The role of parasites in acute appendicitis of pediatric patients
Saul Dorfman,José Cardozo,Denny Dorfman,Alonso Del Villar
Investigación Clínica , 2003,
Abstract: . There is little evidence regarding the relationship between parasites and acute appendicitis. In order to determine such a relationship, if any, 830 appendectomy specimens were studied. Age, sex, pathological findings and the presence and type of parasites and the type of parasite were analyzed. Parasites were present in 62 cases (7.46%). Ascaris lumbricoides and Trichuris trichiura were the most frequently encountered parasites. These were observed, alone or in combination, in 45 cases (72.5%). Appendix perforation, peritonitis, necrosis and flegmonous appearance, were more frequent in the cases of acute appendicitis without parasitic infestation (p < 0.05). There were no differences between the cases with or without parasitic infestation (p > 0.05) In cases of peritonitis. The low incidence of parasites among the appendectomy specimens and the failure to demonstrate its relationship with all events derived of appendicitis, do not support the hypothesis that parasites are a major cause of appendicitis in pediatric patients. Resumen. Existe poca evidencia con respecto a la relación entre parásitos y apendicitis aguda. Con el objeto de clarificar dudas, se estudiaron 830 muestras de especimenes apendiculares. Se analizaron la edad, el sexo, los hallazgos histopatológicos, la presencia o no de parásitos y el tipo de parásito presente. Se observaron parásitos en 62 casos (7,46%). Ascaris lumbricoides y Trichuris trichiura fueron los parásitos mas frecuentemente visualizados, solos o en combinación en 45 casos (72,5%). La perforación apendicular, la peritonitis, la necrosis apendicular y las características flegmonosas del apéndice, fueron observados con mayor frecuencia en los casos sin infestación parasitaria (p < 0,05). En los casos de peritonitis, no se observó diferencia significativa entre los casos con o sin infestación parasitaria. La baja frecuencia de la presencia parasitaria en las biopsias estudiadas y la imposibilidad de demostrar una relación entre los parásitos y todas las manifestaciones histopatológicas de la apendicitis aguda, impiden afirmar que los parásitos constituyen una causa importante en la etiopatogénia de la apendicitis aguda en pacientes pediátricos.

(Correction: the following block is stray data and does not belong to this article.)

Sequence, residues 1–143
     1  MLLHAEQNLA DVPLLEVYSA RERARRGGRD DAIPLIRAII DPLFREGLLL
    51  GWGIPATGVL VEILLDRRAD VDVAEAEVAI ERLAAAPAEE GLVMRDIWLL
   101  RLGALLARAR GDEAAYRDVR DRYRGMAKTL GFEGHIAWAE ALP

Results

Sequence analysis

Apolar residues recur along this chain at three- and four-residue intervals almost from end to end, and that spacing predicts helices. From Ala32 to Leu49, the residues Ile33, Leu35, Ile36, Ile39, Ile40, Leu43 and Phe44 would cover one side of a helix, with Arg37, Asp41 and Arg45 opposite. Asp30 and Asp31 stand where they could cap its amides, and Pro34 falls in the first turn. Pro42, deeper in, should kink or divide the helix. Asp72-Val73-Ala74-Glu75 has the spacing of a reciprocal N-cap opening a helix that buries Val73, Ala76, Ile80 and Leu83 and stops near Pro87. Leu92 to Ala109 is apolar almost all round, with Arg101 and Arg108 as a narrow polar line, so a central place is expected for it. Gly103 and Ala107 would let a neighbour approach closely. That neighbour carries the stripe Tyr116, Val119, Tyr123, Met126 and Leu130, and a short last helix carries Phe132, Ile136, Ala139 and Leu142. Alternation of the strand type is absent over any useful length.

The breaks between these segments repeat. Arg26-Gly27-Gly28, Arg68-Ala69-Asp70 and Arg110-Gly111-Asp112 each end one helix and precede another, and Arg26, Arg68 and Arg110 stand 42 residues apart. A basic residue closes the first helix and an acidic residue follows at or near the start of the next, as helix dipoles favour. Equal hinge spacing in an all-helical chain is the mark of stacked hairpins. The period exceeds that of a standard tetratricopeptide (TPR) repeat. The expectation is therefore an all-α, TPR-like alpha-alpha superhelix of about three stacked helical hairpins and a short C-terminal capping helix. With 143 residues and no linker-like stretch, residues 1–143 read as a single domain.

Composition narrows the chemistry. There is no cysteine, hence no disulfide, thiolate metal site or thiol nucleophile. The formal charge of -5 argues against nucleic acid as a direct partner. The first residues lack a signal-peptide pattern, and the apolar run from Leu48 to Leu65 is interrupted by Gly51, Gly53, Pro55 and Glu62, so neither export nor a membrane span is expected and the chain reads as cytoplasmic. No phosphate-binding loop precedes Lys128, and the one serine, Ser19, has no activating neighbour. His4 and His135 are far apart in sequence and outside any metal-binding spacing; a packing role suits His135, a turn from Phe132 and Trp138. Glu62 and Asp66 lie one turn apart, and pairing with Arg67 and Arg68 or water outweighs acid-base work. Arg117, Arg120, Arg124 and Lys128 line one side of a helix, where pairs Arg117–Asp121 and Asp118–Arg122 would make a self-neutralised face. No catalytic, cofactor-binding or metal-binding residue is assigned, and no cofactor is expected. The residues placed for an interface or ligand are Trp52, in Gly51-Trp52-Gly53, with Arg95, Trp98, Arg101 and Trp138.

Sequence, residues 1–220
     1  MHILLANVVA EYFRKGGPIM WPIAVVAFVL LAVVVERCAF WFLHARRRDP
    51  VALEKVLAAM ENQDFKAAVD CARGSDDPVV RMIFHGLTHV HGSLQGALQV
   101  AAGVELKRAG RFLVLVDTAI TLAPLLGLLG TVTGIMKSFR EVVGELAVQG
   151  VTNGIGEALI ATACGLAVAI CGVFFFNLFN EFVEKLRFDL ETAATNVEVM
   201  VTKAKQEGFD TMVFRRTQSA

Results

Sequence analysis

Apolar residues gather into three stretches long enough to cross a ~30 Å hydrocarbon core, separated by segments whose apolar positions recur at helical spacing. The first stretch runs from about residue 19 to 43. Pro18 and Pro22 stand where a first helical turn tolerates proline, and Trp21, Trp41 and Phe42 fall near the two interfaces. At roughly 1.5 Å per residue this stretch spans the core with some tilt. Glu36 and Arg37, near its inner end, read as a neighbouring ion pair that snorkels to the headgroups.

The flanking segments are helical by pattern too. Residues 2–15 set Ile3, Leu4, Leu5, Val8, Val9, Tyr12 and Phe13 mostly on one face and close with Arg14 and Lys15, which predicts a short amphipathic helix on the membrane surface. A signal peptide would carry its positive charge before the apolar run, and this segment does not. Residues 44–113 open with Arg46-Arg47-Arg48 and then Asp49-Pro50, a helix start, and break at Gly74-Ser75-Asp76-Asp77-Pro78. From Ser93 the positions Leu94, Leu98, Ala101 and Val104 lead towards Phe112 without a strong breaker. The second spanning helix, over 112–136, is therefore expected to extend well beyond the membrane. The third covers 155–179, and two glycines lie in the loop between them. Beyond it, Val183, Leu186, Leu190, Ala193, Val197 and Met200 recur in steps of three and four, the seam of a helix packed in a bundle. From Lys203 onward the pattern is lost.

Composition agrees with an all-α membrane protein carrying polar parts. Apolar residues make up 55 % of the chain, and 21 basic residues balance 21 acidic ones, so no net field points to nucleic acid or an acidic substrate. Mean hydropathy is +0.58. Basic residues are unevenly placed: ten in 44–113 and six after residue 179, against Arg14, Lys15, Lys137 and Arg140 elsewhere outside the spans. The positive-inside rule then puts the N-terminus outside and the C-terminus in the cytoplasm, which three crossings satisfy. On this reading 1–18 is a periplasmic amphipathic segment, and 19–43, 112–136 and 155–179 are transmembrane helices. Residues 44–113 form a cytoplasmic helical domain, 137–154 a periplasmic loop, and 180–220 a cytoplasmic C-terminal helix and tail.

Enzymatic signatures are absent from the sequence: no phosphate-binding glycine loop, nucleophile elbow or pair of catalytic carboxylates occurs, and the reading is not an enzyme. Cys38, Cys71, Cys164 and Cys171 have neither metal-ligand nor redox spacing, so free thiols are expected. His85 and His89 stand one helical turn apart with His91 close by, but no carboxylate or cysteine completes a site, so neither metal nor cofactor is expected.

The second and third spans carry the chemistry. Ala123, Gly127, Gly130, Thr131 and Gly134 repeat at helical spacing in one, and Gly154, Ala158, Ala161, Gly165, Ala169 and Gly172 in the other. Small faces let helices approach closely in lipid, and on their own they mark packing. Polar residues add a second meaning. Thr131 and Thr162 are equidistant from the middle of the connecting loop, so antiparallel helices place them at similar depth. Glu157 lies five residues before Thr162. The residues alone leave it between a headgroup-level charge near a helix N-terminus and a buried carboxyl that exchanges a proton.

The Role of Ultrasound and Laboratory Findings for Diagnosis of Appendicitis in Pediatric Patients  [cached]
Gurcan Erbay,Elif Karadeli,Zafer Koc
Cukurova Medical Journal , 2012,
Abstract: Purpose: Acute appendicitis is one of the most common reasons of abdominal surgery in children. The aim of this study was to compare findings of abdomen ultrasonography and laboratory results on the diagnosis of appendicitis in pediatric patients. Materials-Methods: Preopperative ultrasonography and laboratory findings of 114 children (53 girls and 61 boys; mean age: 132 months) who clinically suspected acute appendicitis and undergone appendectomy between January 2007- January 2009 were evaluated retrospectively. If appendix was visualize on US, outer diameter was measured. Six mm or more of outer appendiceal diameter was accepted as a sign of acute appendisicitis. Also periappendicular fluid, lymph node, C-reactive protein (CRP) values, white blood cells and neutrophil percentage were compared with pathologic results. The pathologic diagnosis was the gold standart. Results: Six mm or more of appendiceal diamater was accepted as a sign of acute appendicitis, the corresponding sensitivity, specificity, positive and negative predictive values and accuracy were found 76.40%, 80%, 93.15%, 87.35% and 71.19 % respectively. If 7mm or more of appendiceal diamater accepted as a sign of acute appendicitis, the sensitivity, specificity, positive and negative predictive values and accuracy were found 66.29%, 88% , 95.12%, 42.31% and 71.05% respectively. In patients with acute appendicitis, white blood cells, neutrophil percentage and CRP values were found higher than other patients. There was a significant difference in the white blood cells, neutrophil percentage and CRP values between normal patients and patients with acute appendicitis. There was no significant difference in the presence of periappendicular fluid and lymph node on ultrasonography examination between normal patients and patients with acute appendicitis. Conclusion: Ultrasonography is a cheap, practical and noninvasive method, and does not require ionizing radiation and oral or intravenous contrast material. Therefore, ultrasonography should be used the primary imaging modality for pediatric patients. If ultrasonography is non-diagnostic for appendicitis, computed tomography can be prefered as a second imaging modality [Cukurova Med J 2012; 37(2.000): 84-89]